There are some places with which you feel an immediate affinity, as if the city itself has thrown a welcome party in your honour. An inexplicable sense of home from home, of harmony, abounds as you seem to slip effortlessly into place, tapping into the local energy and immersing yourself in its intrinsic flow.
Sometimes, however, the opposite is true, and it can seem as though the city — or even country — is doing anything and everything in its power to cast you back out again. Shops close and streets seem to empty before your very eyes. You feel forever like an outsider; a foreign body that must be expelled as hastily and mercilessly as possible.
For me, Edinburgh has always ranked among the latter, proving a veritably bucking bronco of which I cannot get hold. Try as I might to synchronize myself with the city — and oh how I’ve tried — I invariably find myself out of step with its elusive rhythms. At first I blamed the trams for the disturbance (everyone else was), but I have since realised that it is me that is causing the disruption.
I’ve always loved Edinburgh, from fleeting visits in my childhood to reconnect with relatives and make the most of the January sales to the summer of 2010, when I left Aberdeen to start a new life in the country’s capital as a University graduate. It has always appealed to me. But, sadly, the feeling has never been mutual.
I remember travelling through from Aberdeen for friends’ birthdays and to catch films not shown at any of the local cinemas. Each time I would drastically underestimate the length of Princes Street, and find myself haggling my way onto a Lothain bus with precious little idea of where I was actually going. But I always put this down to an inadequate period of adjustment.
It wasn’t until I was living there that I knew that we would never see eye-to-eye, however. Arriving in town to pick up my keys from the estate agent, I found myself trying unsuccessfully to navigate the hordes jostling for space on the Royal Mile. It was festival season, and there wasn’t enough room on the street for me, let alone my rucksack, suitcase and increasingly misshapen sombrero.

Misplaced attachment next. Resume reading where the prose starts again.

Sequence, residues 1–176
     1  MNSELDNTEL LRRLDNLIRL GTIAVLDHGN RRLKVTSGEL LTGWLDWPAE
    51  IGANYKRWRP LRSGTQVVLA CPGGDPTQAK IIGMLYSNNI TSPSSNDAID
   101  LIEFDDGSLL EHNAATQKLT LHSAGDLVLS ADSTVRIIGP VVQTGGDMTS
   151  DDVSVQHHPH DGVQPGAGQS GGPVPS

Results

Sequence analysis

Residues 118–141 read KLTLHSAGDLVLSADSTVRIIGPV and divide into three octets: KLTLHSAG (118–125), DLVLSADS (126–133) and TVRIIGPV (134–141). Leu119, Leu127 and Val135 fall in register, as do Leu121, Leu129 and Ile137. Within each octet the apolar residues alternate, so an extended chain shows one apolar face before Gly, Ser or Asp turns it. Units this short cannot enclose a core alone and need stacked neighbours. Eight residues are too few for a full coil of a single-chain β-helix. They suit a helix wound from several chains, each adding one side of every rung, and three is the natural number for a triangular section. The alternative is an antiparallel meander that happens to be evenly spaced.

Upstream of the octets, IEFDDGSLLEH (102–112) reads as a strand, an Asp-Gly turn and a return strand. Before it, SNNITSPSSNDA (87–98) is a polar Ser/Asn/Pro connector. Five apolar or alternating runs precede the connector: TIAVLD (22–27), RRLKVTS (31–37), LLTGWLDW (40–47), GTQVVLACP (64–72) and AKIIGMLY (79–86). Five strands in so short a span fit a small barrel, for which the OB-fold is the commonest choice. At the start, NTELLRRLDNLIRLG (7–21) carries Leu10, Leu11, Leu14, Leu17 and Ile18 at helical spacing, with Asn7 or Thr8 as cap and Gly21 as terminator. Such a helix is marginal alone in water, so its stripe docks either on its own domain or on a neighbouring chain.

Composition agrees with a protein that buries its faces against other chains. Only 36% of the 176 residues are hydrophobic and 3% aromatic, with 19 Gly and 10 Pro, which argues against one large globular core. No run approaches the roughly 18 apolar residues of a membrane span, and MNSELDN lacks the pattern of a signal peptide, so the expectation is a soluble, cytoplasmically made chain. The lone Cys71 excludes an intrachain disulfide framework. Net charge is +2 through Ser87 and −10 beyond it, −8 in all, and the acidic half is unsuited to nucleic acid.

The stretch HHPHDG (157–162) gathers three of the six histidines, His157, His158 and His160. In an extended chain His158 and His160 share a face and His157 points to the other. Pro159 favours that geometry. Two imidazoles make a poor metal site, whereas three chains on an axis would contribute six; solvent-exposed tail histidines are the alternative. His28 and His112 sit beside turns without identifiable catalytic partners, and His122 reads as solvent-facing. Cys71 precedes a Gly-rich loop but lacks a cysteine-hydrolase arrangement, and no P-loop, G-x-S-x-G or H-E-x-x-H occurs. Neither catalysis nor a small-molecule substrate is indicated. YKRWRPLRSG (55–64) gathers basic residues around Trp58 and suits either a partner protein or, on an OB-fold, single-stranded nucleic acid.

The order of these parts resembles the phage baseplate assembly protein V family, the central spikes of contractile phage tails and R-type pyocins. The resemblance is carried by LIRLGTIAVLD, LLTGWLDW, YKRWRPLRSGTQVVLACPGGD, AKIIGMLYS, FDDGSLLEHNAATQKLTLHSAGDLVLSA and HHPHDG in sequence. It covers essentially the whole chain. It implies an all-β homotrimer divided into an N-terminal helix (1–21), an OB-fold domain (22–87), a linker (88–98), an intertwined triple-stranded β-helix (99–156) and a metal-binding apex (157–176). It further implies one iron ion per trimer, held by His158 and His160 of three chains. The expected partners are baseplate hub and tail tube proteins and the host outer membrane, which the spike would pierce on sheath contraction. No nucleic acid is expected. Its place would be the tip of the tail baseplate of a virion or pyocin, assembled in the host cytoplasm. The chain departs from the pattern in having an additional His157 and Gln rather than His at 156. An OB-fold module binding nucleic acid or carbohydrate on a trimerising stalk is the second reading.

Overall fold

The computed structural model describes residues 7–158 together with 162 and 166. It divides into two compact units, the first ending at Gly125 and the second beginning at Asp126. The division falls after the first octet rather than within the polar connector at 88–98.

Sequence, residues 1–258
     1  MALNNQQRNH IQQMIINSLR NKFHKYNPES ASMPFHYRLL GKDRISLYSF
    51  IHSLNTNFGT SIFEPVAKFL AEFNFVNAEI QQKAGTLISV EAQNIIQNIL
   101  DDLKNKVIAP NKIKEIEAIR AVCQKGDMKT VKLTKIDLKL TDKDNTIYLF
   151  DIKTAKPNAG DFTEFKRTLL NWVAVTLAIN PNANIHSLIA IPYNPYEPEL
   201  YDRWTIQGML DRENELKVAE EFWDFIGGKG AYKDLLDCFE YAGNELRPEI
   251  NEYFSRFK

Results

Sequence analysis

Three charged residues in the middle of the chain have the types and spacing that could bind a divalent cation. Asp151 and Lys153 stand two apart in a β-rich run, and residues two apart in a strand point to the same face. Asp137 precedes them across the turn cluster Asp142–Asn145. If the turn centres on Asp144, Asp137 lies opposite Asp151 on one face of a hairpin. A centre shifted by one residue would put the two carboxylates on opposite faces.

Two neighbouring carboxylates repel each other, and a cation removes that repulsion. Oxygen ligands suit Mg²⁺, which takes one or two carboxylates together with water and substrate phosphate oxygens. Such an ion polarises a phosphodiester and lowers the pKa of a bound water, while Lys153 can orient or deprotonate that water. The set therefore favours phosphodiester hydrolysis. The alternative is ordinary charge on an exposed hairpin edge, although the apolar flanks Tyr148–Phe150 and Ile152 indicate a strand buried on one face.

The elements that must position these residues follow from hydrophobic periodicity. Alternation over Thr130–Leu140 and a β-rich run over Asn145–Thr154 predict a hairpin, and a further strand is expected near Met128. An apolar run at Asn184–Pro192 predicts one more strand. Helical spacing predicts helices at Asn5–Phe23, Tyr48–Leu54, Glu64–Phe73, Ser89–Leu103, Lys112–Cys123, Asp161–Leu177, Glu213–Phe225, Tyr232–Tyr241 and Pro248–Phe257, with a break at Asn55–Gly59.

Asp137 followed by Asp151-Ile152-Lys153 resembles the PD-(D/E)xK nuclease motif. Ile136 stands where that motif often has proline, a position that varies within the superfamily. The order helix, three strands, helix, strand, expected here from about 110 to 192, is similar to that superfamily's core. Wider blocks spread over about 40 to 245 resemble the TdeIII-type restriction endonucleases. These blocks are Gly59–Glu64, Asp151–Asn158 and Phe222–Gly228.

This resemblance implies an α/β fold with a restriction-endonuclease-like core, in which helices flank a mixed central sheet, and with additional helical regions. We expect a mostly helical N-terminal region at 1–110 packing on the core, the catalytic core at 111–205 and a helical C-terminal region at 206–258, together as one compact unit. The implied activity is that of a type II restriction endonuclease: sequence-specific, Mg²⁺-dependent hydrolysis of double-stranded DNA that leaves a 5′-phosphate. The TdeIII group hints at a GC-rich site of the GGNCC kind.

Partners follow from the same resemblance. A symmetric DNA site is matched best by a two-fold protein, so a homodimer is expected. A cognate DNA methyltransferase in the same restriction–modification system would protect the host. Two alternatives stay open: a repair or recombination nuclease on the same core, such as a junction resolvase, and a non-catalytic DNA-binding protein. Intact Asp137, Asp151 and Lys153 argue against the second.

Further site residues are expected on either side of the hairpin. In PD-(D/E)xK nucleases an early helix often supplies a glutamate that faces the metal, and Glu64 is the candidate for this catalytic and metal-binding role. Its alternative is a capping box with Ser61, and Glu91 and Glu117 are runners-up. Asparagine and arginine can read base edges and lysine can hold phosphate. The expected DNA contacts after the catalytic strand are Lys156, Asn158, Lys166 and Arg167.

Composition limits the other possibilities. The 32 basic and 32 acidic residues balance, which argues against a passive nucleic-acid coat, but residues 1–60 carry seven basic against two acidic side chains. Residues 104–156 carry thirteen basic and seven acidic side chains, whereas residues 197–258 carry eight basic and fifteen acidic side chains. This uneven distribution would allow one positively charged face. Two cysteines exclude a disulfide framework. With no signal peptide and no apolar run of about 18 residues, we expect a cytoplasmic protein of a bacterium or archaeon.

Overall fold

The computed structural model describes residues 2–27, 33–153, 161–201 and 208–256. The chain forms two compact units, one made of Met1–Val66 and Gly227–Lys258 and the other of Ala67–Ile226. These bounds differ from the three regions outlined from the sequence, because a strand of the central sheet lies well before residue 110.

From my first time inside one I knew that I wanted an Edinburgh flat. With their tall bordered ceilings, large Georgian windows and cavernous spiral staircases, the flats of my friends were always a source of envy, particularly while I was living with slaters, a crazed neighbour and a carpeted bathroom accessed through a sliding door.
My own Edinburgh flat was a thing of beauty: two bedrooms, a reasonably sized kitchen and a living room that was so large it still felt empty even with three settees crowded around the television. Even it seemed to be against me (and my flatmate), however, as it soon became plagued by moths, mice and money-grabbing stair-cleaners.
But more than anything it was the size of Edinburgh — the sheer scale of its languorous sprawl — that kept catching me out. I was used to living in small towns, with even Aberdeen often feeling more like a large village than a major city. Rather than nipping out for groceries, down the road to work and around the corner to see my friends, I was ever-reliant on a bus service that seemed to run in a different time-zone. In the year before I moved out I don’t think I was on time once, for anything.
In 2012, after having returned to Dundee with my tail well and truly between my legs, I traveled back through to Edinburgh for a week’s work on the set of a promotional film. I needed to raise money for a planned trip to Corfu, and it seemed like the perfect opportunity to catch up with friends. Instead, over the course of twelve hour days I found myself variously hosing down a part-time fishmongers and struggling against gale-force winter winds on a pier at Newhaven Harbour where I was tasked with looking after a time-lapse camera.
Nowadays my visits are largely limited to occasional nights out and the annual occasion of Edinburgh International Film Festival. But even on these irregular visits I find myself running uphill in either searing heat or monsoon-like downpours (or, every so often, both). Just last month I misjudged the distance to Sainsburys, and found myself walking for almost an hour just to buy chocolate cake and a towel. Before that I had to mad-dash to the airport in a taxi after stopping to pick up contact lenses on my way to Russia.
And yet I keep going back. There is something about the place that is so endlessly, stubbornly attractive, so much so that I get unearned pangs of homesickness whenever I see its various landmarks on film. I think it’s the European air that blows across its grand gardens and ancient architecture, its history of innovation and almost tangible culture of inspiration. Not that flattery is likely to get me anywhere.
But what about you? Is there anywhere that you’ve felt strangely, inexplicably unwelcome?